To our knowledge, comparative data regarding AAT with the dog adapted to ROT and aimed at Alzheimer’s patients are very limited. In the consulted literature about AAT in Alzheimer’s disease, other studies usually provide experimental designs with two groups of patients (experimental and control group) or with only the experimental group (AAT). In these studies, the cognitive and mood improvements from dog activities were measured by changes in the MMSE and GDS tests at T0 and T1. In a pilot study with the same experimental design conducted by Menna et al. [11], 50 patients were divided in three groups: AAT (adapted to ROT), ROT, and control. The intervention lasted a total of six months. The AAT group and ROT group showed a small improvement in the mood, according to GDS scores. Particularly, the AAT group improved from 11.5 at T0 to 9.5 at T1 while the ROT group improved from 11.6 at T0 to 10.5 at T1. Moreover, an improvement in cognitive impairment, as measured by the MMSE, was observed. In the AAT group, the mean value of MMSE was 20.2 at T0 and 21.5 at T1, and in the ROT group, it was 19.9 at T0 and 20.0 at T1. Differently, in the control group, the average values of both tests remained almost unmodified. A similar study performed by Menna et al. [12] highlighted the efficacy of AAT adapted to formal ROT in Alzheimer’s patients, by evaluating the GDS and MMSE values and by monitoring salivary cortisol, the latter as a measure for stress evaluation and a potential neurodegenerative disease biomarker. The intervention lasted three months. MMSE and GDS scores in the AAT group werr significantly different before and after the intervention (increased and decreased respectively); instead, the opposite occurred in the CTRL group. For the AAT group, MMSE increased and GDS decreased significantly (p < 0.05, test for paired data) after the whole cycle of therapy; for the CTRL group MMSE decreased while GDS increased but not significantly. In their study, Kanamori et al. [34], performed AAT for a total of six biweekly sessions. The AAT group consisted of seven subjects and the control group of 20 subjects. In a comparison between MMSE scores at baseline and those measured three months later, the average score before AAT (baseline) was 11.43 (±9.00) and 12.29 (±9.69), respectively. Differently, in the control group involving 20 patients, before the average score (baseline) was 10.20 (±7.04) and three months later it was 9.50 (±6.26). Moretti et al. [35] evaluated the effects of pet therapy on cognitive function, mood, and perceived quality of life on elderly inpatients affected by dementia, depression, and psychosis. MMSE and GDS were administered to 10 patients (pet group) and 11 controls (control group). The AAT intervention lasted six weeks. Both groups showed improvement regarding GDS and MMSE. In the pet group, depressive symptoms by GDS values decreased by 50% (from 5.9 to 2.7, p = 0.013), while the mean MMSE score increased by 4.5 (p = 0.060). Moreover, the between-group comparison showed a positive effect of pet therapy intervention on GDS (p = 0.070). Motomura et al. [36] conducted a study on only eight patients admitted to a local nursing home. AAT with two dogs was carried out for 1 h over four consecutive days. Although the intervention of AAT influenced the mental and apathetic state of patients, the results indicated no significant difference in the GDS and MMSE before and after therapy. Wesenberg et al. [16] performed a within-subject design with two different interventions, animal-assisted intervention (AAI) and control, and several measurement times (baseline, after three months, and after six months). Nineteen patients with dementia were included in the AAI (with a dog), and in the control intervention. Both interventions were performed as weekly group sessions, over a period of six months. Patients had moderate-to-moderately severe dementia, according to mean MMSE score at baseline of 15.18. As expected by the authors, during the six months, the MMSE mean scores decreased to a mean of 13.63. Finally, in a study by Thodberg et al. [37], a total of 100 elderly residents in four nursing homes (median age: 85.5 years) were randomly assigned to get biweekly visits for six weeks from a person accompanied by either a dog, a robot seal (PARO), or a soft toy cat. The effects of different interventions were evaluated by MMSE, Gottfries–Bråne–Steen Scale (GBS), and GDS. The visit type did not affect the MMSE (F2.91 = 0.35; p > 0.05), GBS (F2.90 = 0.41; p > 0.05), or GDS (F2.82 = 0.85; p > 0.05) recorded after the last visits. The performed tests, however, changed over the experimental period, according to the decrease in the MMSE score (S = −483; p < 0.05) and increase in the GBS score (t = 2.06; p < 0.05), both indicating an overall worsening in patients’ cognitive impairment. Interestingly, the GDS score decreased (S = −420; p < 0.05), showing the correlated decrease of depressive symptoms during the experimental period.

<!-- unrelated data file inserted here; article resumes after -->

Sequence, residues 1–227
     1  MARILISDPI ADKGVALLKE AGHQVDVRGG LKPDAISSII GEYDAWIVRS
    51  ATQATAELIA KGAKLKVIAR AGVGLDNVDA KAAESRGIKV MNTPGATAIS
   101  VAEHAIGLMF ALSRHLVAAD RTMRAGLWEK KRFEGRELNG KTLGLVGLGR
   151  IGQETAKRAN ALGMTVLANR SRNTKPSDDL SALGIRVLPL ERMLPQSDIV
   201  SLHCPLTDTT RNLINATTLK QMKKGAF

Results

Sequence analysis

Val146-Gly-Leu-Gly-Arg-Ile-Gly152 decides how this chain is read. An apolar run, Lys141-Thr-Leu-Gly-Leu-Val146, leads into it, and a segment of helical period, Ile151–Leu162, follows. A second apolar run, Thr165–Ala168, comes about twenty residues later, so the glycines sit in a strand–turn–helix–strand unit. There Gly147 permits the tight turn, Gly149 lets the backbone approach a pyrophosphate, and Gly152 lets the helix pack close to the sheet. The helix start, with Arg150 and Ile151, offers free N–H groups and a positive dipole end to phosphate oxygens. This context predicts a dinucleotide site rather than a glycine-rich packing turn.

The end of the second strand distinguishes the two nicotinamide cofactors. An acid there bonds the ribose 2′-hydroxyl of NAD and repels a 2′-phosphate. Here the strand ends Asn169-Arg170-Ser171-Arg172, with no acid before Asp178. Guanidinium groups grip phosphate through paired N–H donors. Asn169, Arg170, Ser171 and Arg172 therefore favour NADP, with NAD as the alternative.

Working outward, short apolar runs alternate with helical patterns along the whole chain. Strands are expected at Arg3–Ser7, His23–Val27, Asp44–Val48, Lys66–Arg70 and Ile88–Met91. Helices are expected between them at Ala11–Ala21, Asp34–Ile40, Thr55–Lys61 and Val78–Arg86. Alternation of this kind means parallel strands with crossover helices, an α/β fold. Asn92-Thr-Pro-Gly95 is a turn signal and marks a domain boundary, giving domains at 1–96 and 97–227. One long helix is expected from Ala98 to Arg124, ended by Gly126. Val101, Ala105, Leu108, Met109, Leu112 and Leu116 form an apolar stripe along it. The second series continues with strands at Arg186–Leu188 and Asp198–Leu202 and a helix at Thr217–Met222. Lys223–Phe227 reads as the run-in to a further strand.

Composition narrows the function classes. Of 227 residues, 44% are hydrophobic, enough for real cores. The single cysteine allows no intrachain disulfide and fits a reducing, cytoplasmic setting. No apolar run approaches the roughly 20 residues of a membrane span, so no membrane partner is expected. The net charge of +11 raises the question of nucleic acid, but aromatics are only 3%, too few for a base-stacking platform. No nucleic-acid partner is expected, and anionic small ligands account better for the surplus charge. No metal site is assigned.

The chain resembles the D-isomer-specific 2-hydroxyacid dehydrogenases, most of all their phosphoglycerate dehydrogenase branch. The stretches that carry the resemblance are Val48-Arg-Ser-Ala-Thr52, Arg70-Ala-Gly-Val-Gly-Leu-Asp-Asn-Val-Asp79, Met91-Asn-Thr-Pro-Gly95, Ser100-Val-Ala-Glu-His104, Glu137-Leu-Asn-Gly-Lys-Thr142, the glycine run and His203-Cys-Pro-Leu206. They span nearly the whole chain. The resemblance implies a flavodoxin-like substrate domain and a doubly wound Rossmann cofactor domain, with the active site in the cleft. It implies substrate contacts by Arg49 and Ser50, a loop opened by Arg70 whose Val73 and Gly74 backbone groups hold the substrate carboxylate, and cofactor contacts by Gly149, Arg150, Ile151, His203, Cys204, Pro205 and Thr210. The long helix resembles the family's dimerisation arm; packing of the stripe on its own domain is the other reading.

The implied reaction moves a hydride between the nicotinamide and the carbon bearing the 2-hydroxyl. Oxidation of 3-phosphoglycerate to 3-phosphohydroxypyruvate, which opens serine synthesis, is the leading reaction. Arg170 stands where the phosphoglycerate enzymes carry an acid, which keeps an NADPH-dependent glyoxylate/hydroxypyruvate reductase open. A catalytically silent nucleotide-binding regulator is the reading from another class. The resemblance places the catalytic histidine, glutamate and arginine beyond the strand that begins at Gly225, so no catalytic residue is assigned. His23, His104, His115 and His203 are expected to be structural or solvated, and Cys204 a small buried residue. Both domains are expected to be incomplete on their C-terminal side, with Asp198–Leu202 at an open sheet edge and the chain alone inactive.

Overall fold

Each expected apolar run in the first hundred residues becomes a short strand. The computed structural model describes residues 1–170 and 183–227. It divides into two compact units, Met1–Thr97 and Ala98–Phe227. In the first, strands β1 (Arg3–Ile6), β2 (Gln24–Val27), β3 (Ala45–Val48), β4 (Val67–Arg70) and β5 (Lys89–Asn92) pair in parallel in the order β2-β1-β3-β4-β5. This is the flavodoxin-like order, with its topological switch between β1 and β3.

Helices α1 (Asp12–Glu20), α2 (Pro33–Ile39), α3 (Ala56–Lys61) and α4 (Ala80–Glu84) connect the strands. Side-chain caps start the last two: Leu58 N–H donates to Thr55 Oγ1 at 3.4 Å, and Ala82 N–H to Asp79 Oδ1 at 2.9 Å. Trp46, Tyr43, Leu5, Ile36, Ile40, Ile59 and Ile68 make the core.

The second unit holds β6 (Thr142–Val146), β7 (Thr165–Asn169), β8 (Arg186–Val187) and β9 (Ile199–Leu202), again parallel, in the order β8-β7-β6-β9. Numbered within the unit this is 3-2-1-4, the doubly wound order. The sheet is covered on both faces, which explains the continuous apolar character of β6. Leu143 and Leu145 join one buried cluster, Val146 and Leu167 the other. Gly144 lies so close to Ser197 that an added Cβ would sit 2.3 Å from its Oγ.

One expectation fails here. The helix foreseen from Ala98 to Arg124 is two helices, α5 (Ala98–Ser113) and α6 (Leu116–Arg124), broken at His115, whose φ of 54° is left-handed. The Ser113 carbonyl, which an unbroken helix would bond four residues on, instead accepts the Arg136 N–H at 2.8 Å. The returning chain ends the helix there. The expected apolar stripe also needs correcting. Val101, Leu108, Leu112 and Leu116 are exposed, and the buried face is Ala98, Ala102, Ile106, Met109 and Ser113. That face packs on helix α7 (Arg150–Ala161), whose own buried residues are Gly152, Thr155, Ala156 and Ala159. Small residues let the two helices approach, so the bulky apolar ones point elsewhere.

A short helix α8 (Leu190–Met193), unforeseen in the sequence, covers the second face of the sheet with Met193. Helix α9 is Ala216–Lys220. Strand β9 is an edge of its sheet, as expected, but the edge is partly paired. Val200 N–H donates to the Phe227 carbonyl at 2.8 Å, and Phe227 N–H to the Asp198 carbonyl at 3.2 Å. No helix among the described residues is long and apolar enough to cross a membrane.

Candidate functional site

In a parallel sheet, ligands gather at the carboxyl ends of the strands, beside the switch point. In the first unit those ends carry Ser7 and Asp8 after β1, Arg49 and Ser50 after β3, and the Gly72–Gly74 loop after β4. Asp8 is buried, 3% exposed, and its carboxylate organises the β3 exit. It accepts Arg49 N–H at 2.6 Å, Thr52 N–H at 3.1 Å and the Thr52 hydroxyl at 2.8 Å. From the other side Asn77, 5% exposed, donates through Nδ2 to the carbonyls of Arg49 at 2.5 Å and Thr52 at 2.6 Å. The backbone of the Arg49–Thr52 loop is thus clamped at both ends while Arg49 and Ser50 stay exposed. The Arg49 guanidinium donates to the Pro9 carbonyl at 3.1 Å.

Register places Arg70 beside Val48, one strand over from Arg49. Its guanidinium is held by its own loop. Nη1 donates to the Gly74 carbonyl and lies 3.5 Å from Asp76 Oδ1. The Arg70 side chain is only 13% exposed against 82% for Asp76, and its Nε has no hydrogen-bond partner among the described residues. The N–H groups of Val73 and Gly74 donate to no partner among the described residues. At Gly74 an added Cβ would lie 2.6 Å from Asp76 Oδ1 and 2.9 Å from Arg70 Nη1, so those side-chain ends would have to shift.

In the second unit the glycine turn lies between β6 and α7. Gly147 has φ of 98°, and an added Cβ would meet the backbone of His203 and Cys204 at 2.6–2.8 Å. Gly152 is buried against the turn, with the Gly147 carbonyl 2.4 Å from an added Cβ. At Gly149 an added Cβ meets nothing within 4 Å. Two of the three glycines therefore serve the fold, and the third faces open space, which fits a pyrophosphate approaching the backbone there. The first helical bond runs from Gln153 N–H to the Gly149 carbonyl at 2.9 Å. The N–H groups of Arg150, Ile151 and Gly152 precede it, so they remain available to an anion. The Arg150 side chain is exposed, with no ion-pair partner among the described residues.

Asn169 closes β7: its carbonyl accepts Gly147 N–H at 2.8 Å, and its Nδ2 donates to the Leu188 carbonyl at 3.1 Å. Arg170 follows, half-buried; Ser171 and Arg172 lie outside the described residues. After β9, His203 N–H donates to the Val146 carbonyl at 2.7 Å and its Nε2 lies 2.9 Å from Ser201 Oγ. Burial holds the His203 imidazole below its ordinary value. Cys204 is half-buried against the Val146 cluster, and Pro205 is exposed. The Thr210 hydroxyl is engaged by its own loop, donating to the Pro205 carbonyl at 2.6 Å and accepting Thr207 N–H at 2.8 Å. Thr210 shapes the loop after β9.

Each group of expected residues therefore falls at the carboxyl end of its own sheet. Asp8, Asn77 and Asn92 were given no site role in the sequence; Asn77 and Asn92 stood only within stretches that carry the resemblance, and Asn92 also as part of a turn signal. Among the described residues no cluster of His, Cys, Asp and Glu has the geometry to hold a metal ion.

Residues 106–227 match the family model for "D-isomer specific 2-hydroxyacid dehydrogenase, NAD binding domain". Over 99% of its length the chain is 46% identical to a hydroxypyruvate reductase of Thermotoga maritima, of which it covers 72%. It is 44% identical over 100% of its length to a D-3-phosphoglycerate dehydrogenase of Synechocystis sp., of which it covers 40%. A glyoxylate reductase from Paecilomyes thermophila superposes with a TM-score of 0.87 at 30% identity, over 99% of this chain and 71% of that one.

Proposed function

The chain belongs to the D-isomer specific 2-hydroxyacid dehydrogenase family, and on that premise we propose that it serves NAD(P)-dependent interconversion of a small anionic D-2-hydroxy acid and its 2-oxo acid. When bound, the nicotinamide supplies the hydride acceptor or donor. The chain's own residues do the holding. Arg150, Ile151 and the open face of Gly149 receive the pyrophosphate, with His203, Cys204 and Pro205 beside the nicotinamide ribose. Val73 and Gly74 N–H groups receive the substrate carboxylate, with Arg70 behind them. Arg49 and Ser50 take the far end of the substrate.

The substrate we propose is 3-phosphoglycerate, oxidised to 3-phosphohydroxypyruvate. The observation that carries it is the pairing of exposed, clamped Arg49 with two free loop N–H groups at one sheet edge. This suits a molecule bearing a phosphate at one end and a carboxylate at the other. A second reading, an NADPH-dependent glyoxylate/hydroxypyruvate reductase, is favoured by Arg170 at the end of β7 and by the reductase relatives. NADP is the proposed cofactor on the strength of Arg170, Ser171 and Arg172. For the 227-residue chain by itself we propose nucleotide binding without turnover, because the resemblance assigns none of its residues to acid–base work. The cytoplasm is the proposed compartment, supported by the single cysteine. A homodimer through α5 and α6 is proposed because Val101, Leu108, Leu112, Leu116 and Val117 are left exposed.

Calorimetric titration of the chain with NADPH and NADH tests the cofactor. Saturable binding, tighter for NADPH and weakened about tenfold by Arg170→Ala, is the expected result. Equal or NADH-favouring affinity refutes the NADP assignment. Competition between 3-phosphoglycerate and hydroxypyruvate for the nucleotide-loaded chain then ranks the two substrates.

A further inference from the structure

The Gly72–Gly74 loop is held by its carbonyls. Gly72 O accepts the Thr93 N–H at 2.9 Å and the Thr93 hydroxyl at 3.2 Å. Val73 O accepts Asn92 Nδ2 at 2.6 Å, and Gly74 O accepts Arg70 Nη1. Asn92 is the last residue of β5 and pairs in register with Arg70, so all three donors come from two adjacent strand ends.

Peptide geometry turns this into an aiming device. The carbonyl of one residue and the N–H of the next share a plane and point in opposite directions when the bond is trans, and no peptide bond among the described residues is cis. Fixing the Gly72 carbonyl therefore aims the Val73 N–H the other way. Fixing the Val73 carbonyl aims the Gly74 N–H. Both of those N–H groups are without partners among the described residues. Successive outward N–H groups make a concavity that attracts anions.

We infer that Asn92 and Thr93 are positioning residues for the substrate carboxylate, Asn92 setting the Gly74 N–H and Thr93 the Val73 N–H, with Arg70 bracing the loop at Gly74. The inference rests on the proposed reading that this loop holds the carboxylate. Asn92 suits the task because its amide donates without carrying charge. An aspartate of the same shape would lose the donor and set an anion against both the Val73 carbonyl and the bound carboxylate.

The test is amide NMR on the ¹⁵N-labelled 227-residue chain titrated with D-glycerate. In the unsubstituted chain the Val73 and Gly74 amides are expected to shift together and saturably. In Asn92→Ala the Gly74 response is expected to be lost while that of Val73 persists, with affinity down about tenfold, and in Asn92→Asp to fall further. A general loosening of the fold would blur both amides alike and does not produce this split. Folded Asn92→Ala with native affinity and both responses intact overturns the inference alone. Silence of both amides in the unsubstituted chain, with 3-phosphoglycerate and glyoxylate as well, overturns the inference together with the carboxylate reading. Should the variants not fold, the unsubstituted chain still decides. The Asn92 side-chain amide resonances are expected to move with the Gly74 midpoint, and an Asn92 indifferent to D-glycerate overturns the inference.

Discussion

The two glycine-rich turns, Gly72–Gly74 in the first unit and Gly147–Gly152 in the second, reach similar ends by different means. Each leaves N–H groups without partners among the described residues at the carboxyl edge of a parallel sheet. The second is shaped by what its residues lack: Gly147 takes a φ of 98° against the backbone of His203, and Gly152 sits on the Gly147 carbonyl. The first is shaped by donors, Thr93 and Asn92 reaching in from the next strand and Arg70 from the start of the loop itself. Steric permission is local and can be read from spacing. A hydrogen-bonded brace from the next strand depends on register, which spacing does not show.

In summary, previous studies have shown results that are sometimes encouraging to use animal-assisted therapy (AAT). However, more extensive studies should be conducted to strengthen the existing evidence, by measurement of biochemical parameters such as cortisol, for example [12]. The intensity and procedures of therapy should be standardized for a better interpretation of the benefits for patients [15], considering also the main role of the dog as co-therapist [38]. In addition, it would be desirable to standardize the methodologies used in terms of Alzheimer’s diagnosis and age of the patients, always include a control group, use a wider battery of measurement tests for the cognitive impairment and mood, establish an increased frequency of sessions (preferably weekly), and plan longer-lasting interventions. In this regard, it would be desirable to evaluate the effects of the AAT in the same group of patients for periods of at least one or two years, in order to measure its possible long-term benefits.